Stateside, truckers converge on Washington

WASHINGTON, D.C. (Feb. 23, 2000) — Capitol Hill echoed the blast of air horns on Monday as hundreds of truckers convoyed into Washington, D.C., to protest fuel prices that have more than doubled in the past three months.

More than 200 trucks, travelling under police escort, signaled their arrival on the Mall at the foot of the Capitol with long blasts. When the drivers parked and descended, they were met by scores of reporters and camera crews, on hand to cover the biggest truck event on Capitol Hill in more than a decade.

The message was simple: fuel prices are putting owner-operators out of business.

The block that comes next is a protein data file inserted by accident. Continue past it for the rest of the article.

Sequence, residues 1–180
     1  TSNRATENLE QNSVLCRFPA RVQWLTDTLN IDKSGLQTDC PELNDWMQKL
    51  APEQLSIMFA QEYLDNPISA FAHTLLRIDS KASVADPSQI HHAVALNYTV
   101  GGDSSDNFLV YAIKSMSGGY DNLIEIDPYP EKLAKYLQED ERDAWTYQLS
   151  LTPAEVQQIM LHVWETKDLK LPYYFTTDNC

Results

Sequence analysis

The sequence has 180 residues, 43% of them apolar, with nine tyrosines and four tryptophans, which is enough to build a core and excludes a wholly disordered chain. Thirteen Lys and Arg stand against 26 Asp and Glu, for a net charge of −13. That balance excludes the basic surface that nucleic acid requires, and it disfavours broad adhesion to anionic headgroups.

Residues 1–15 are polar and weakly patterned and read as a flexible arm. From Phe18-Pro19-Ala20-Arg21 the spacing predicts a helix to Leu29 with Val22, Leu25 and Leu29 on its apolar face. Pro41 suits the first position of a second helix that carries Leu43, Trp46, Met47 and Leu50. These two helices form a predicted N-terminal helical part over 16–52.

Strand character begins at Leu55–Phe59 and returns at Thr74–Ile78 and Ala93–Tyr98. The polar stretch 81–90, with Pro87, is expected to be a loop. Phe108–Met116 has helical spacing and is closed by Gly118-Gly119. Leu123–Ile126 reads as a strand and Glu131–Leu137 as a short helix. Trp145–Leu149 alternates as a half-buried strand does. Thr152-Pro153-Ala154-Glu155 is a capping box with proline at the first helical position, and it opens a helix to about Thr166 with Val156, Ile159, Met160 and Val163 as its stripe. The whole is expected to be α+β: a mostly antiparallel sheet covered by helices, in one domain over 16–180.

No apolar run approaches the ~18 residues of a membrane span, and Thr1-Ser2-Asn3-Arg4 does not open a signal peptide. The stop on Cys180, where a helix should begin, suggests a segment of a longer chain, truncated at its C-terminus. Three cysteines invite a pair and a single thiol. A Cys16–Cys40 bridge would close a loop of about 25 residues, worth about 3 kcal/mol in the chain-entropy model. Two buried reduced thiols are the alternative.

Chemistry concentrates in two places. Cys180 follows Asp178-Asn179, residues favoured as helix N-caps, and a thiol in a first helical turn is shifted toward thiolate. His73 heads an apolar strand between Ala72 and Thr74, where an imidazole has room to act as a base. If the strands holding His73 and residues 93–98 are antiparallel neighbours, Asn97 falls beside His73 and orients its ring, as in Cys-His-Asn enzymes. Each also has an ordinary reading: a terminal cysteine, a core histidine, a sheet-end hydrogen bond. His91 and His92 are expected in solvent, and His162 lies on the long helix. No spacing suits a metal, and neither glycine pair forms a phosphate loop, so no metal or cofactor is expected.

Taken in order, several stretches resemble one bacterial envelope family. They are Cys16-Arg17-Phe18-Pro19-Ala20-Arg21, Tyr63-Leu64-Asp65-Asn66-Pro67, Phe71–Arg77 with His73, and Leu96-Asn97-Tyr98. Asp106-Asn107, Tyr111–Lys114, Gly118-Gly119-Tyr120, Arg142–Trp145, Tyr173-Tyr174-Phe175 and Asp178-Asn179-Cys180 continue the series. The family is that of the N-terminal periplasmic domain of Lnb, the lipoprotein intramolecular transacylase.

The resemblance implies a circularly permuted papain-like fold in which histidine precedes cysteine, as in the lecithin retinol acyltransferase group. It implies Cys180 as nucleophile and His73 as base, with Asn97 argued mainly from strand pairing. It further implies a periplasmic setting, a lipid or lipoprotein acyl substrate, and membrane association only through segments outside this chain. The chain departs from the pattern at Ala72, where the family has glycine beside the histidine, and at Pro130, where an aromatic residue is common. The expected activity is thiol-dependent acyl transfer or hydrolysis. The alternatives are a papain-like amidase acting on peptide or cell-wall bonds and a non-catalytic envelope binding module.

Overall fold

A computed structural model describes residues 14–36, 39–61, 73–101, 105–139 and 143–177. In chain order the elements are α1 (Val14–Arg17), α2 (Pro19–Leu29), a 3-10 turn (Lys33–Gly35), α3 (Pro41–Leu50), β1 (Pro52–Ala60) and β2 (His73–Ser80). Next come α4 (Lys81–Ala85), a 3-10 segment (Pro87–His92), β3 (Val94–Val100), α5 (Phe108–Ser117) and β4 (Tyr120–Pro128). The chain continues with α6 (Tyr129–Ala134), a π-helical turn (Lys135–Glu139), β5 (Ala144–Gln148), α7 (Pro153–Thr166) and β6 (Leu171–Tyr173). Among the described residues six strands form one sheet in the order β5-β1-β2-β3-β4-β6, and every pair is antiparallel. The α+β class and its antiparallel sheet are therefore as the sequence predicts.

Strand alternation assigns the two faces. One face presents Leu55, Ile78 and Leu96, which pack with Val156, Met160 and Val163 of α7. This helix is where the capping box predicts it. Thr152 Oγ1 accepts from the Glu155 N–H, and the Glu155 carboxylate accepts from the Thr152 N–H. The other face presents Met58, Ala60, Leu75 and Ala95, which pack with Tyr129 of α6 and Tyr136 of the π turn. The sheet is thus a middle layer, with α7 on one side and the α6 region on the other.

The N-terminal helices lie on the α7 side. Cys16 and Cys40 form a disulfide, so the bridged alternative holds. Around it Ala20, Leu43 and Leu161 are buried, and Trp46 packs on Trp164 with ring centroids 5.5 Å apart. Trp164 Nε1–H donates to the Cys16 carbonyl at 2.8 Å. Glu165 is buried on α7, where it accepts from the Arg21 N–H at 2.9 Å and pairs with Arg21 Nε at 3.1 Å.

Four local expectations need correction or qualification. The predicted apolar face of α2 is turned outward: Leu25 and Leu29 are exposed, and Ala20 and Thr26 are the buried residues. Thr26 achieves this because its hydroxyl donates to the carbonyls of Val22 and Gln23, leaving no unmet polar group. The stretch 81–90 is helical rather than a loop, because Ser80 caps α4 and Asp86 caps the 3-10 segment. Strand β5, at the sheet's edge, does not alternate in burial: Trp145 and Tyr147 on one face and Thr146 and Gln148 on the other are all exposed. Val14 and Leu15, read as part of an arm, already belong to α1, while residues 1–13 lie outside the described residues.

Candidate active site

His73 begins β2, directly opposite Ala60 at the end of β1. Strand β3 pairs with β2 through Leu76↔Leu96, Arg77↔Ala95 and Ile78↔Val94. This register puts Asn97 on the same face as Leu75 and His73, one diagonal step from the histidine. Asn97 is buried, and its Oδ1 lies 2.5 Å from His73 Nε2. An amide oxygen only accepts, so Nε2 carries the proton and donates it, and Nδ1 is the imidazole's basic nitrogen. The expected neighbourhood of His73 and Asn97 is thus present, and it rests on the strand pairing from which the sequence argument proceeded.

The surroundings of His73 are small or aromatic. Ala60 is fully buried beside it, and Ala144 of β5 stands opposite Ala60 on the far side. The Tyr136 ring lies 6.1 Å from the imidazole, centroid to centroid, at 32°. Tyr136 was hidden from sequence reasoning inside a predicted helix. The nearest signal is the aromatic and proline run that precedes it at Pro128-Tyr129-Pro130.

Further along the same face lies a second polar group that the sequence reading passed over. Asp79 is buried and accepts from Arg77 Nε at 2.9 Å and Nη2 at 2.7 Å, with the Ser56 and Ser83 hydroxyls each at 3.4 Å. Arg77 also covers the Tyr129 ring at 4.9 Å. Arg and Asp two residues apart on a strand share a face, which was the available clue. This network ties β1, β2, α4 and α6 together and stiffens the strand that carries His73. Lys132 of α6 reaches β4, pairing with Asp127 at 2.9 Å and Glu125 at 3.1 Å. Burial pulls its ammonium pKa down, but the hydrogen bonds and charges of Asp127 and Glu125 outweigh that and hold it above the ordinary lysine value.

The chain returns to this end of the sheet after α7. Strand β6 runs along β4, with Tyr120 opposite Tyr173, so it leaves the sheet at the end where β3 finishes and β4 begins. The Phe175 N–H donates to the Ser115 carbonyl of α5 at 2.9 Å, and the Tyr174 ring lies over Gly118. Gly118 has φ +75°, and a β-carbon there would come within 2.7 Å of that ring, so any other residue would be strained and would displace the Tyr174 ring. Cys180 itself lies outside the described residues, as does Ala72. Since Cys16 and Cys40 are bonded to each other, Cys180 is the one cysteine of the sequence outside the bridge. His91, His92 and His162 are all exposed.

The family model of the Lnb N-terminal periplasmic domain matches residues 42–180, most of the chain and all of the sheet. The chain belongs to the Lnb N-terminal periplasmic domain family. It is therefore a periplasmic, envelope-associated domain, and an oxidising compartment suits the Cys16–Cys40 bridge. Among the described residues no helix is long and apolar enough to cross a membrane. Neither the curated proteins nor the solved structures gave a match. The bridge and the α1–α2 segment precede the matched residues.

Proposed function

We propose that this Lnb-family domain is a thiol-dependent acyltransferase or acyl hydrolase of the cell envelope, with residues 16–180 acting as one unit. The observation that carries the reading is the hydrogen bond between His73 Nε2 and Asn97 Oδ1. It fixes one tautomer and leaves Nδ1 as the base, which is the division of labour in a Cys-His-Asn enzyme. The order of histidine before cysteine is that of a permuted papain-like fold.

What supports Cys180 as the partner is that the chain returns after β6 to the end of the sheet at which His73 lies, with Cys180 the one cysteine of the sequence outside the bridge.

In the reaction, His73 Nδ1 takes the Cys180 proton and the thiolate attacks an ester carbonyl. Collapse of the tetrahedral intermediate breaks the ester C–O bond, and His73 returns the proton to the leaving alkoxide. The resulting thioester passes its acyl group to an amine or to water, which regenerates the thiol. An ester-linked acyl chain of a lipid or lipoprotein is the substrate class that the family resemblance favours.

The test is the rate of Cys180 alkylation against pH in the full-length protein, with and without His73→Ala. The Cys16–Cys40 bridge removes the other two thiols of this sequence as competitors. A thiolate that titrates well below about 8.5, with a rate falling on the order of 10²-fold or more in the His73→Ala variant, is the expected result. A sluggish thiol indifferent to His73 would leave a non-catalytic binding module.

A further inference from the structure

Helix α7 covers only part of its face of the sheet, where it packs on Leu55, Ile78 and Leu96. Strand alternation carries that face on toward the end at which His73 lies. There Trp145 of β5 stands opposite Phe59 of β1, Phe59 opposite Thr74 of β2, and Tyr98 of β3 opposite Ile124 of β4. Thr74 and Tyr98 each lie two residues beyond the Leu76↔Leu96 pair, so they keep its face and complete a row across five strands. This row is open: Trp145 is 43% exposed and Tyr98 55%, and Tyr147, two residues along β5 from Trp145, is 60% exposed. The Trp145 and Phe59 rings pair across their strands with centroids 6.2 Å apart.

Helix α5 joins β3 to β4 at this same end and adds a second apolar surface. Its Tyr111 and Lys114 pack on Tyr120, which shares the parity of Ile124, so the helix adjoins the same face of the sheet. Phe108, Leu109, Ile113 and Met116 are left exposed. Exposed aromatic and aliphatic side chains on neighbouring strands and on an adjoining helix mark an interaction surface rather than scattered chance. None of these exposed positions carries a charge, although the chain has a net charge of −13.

Tom Pokrywka, president of the National Owner-Operator Trucking Assn. and owner of a two-truck company, said he was there to send a message to the White House, Congress and the nation: “The trucking industry is in serious trouble and we need help.”

Pokrywka is pushing legislation that would create regional oil reserves that could be used to ease price spikes such as truckers are experiencing now.

Sen. Ben Nighthorse Campbell, R-CO, said Congress should consider reducing federal excise taxes truckers pay, and President Clinton should open the Strategic Petroleum Reserve. In the long run, he said, the country has to reduce its dependence on foreign oil.

— Oliver Patton,

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